“AHA” a new tool for me

I didn’t write yesterday as I came home exhausted from taking a class on Community Conferencing. This is a program that works with the school, courts, police, to deflect teens with offences to a resolution process instead of getting them into the system. The trainers told us that where they are teens who have been through this process are 60% less likely to re-offend. I will see how this works for me.

One of the people who was also training told us about a way she looks at people’s differences and how they live. She broke it down into this.

Tolerance: She is tolerant of how others live and their opinions.

Acceptance: She will accept that the way may not be her way.

Approval: This is where she steps back and feels she doesn’t have to approve.

The-aha-moment

 

This makes so much sense to me. I may not agree with you but I can be tolerant about your life and your opinions and accept that you want to live that way but I don’t have to approve of it.

This is a way to break it down into pieces and be a tolerant and accepting person without agreeing with what it is. There are people who I love but cannot approve of their lifestyle. For me, it is usually when I see it as hurtful to them or others.

This may not work or help some people but for me It was sort of an “aha” moment. Another tool to put in my toolbox and help me understand and move on.

With thanks to Yolandra for this insight!

57 years

This past weekend my husband and I celebrated our 57th wedding anniversary. It is almost impossible to think that we have been married for so long. Where did the time go? It really doesn’t seem that long ago…and yet a lot of people have no idea what life was like in 1962.

leaving the church0001

For me it seemed ideal although looking at it now I wonder how. My husband was a new officer just graduated from West Point and beginning some training. He was in paratrooper school and went on to ranger training. During ranger training he was gone. How in the world did I think that was ideal. I guess I was living in a bubble of newly wed happiness. I think the saving grace was having other wives going through the same thing and us becoming friends. Friends were made quickly as we all needed support. We were lucky as our husbands had known each other at West Point and that made it easier.

Our life in the service was challenging. We moved often and I was alone a good bit. Some things were wonderful…the birth of our first child…language school in Monterey…living in Panama, Central America.

 

Times were also tough with spending two different years alone with children while my husband served in Viet Nam. I don’t know how I managed the worry but I seemed to cope with the stress and loneliness. Children are wonderful companions but they don’t replace a beloved spouse.

Our last tour was a joy. My husband went to graduate school and then taught math at West Point.  It was an amazing experience.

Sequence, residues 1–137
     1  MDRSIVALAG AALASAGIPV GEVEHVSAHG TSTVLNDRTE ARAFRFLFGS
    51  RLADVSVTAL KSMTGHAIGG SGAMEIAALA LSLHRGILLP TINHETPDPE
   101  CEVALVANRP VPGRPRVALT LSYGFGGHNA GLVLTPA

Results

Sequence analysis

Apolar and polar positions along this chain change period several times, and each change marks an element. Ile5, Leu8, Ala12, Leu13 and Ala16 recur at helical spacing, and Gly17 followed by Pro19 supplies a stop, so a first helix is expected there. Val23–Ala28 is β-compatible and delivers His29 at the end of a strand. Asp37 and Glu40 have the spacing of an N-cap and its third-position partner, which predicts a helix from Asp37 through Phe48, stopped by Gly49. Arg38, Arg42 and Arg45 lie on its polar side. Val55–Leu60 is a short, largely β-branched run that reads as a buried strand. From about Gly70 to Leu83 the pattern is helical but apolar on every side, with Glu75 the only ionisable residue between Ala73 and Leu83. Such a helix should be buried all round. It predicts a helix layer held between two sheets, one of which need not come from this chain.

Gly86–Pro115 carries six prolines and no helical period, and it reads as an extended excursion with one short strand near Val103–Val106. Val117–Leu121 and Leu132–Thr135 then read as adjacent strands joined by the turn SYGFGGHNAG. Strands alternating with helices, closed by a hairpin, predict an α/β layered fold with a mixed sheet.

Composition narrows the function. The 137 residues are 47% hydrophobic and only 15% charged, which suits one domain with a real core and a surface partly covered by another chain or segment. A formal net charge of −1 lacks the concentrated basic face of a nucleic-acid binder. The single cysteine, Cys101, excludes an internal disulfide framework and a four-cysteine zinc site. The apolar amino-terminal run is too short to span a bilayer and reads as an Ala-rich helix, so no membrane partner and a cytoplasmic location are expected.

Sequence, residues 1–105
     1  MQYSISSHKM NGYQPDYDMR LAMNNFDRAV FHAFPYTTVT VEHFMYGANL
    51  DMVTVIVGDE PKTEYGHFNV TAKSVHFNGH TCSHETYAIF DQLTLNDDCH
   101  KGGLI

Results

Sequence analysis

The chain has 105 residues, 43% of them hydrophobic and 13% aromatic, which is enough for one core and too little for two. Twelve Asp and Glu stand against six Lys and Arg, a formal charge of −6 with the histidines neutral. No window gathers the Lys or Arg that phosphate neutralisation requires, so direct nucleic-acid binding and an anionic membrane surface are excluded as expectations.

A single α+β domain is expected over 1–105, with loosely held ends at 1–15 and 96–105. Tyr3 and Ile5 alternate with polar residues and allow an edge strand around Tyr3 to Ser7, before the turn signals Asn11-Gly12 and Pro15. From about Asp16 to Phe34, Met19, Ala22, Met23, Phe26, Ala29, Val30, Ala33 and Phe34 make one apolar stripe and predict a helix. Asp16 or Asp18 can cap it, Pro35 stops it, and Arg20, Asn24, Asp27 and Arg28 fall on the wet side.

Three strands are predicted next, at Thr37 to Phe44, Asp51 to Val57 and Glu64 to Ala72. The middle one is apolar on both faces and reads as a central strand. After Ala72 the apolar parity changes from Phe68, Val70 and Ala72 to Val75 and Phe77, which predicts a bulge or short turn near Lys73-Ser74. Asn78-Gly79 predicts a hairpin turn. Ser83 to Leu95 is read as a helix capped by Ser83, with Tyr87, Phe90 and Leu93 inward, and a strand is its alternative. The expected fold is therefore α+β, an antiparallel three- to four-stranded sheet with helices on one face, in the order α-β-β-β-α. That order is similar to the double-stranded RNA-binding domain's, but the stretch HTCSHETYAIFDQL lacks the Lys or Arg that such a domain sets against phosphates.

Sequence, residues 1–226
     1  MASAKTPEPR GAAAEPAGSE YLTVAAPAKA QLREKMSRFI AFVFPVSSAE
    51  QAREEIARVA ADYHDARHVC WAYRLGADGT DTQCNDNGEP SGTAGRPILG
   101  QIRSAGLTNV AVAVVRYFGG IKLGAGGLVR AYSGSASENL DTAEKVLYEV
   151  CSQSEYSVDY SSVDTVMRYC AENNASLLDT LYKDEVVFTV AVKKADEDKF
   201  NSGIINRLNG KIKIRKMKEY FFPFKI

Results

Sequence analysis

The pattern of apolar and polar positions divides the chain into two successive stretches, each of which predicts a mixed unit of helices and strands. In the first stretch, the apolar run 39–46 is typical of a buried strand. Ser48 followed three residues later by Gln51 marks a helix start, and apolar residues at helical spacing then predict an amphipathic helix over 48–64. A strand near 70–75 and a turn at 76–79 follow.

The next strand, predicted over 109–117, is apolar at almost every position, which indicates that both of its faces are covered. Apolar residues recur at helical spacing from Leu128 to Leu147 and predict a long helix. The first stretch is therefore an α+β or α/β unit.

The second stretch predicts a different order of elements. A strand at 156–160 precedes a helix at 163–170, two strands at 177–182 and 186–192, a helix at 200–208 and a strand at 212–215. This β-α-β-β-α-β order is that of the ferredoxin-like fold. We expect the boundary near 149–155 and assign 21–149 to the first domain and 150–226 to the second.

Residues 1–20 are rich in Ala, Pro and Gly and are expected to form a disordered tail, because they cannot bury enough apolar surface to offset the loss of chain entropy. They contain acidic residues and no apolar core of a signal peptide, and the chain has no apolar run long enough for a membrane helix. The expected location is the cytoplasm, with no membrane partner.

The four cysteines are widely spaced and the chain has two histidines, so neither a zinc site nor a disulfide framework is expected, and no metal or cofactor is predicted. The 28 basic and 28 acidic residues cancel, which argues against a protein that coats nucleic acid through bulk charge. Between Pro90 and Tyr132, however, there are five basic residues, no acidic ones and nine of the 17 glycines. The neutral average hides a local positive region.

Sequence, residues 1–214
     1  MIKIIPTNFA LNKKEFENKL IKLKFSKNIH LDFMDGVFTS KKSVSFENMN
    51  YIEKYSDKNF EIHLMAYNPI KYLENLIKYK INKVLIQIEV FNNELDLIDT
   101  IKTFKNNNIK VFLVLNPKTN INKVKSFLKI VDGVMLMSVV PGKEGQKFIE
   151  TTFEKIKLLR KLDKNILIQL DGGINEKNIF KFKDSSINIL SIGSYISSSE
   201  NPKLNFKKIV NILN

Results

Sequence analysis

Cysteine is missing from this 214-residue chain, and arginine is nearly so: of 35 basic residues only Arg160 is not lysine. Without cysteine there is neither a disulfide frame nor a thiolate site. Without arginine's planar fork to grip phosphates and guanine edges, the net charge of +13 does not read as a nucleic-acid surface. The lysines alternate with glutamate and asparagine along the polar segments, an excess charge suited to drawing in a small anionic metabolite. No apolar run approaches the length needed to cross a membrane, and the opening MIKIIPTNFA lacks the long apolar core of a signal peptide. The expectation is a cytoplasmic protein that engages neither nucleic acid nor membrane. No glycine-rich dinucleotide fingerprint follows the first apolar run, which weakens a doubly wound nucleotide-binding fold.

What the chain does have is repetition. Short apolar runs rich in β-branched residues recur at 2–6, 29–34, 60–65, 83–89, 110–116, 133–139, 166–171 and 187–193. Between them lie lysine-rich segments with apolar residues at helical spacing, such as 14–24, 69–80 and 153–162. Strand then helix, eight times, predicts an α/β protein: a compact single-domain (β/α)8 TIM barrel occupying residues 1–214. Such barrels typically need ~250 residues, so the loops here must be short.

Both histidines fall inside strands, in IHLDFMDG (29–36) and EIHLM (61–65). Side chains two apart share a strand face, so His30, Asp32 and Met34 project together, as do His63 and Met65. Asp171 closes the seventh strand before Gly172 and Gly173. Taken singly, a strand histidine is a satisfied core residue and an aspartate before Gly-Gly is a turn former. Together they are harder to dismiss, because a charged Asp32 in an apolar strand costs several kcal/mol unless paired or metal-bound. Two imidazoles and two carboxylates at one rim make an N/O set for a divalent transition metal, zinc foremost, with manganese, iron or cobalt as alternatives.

There have been many years and many different jobs for each of us since his retirement from the military and life has been good. Our three adult children, their spouses, our six grandchildren, one great grandchild and one on the way have added great joy.

quotes-love-marriage-1-36-413dc45 (1)

57 years. Amazing!

The sadness of remembering – Memorial Day

fdr-memorial-day-quote-1525289591Today is Memorial Day. It is a day for thanksgiving for those who gave their lives that we might live free. This day is hard for me to write about since my husband was in the Army for 20 years. He spent two years in Viet Nam fighting a senseless war. He graduated from West Point in 1962 and felt obligated to serve in the war.  Wars run by politicians cannot be won. All the idiotic rules that governed what could and could not be done made it impossible. I could give many examples of this but it would not only take too long but also bring up too many bad memories.

My husband does not talk about the war except for a few incidents that had some humor attached to them. He fought in the battle of Dak To which was so badly run that many people died. He won’t talk about this.

We have been to the Viet Nam Memorial Wall but he will never go again. There are too many friend’s names on it.

the wall

I spent those years at home with our children worrying about him. There was little communication with loved ones during WWI, WWII, Korea, and Viet Nam. I even had to number my letters so that he knew if some were missing. His letters to me came in bunches. Communication is better now but it doesn’t take away the worry.

missing soldier

This is the fate of families today who wait for loved ones in danger. I grieve for both the soldier and the family. Many families don’t survive the separation. Please pray for those soldiers and their families.

The good

If I think I have serious problems all I have to do is to look around me. I know that all of us have problems but there sure are some I wouldn’t want to have. One friend has a child with a brain tumor, another friend has had 2 recurrent brain tumors, I can look around me and there are people in pain with things unimaginable.

the good

I need to remember to be grateful. Maybe I need to start saying: thank you that I don’t have a brain tumor, thank you that my children, grandchildren and great grandchild are well. Thank you that I am not in a wheel chair. Thank you that I have a home to live in. Thank you that I have food to eat.

I could spend the rest of the day listing the things that are a gift. I don’t need to be saying “poor me” and feeling bad.

Focusing on the good things makes life a lot more joyous. Gratitude helps us. Sometimes we are sad that some of our own problems are difficult and it is ok to understand that but it is not ok to dwell on it. It doesn’t help.

good instead of bad

Find some way to keep track of the good things and focus on them.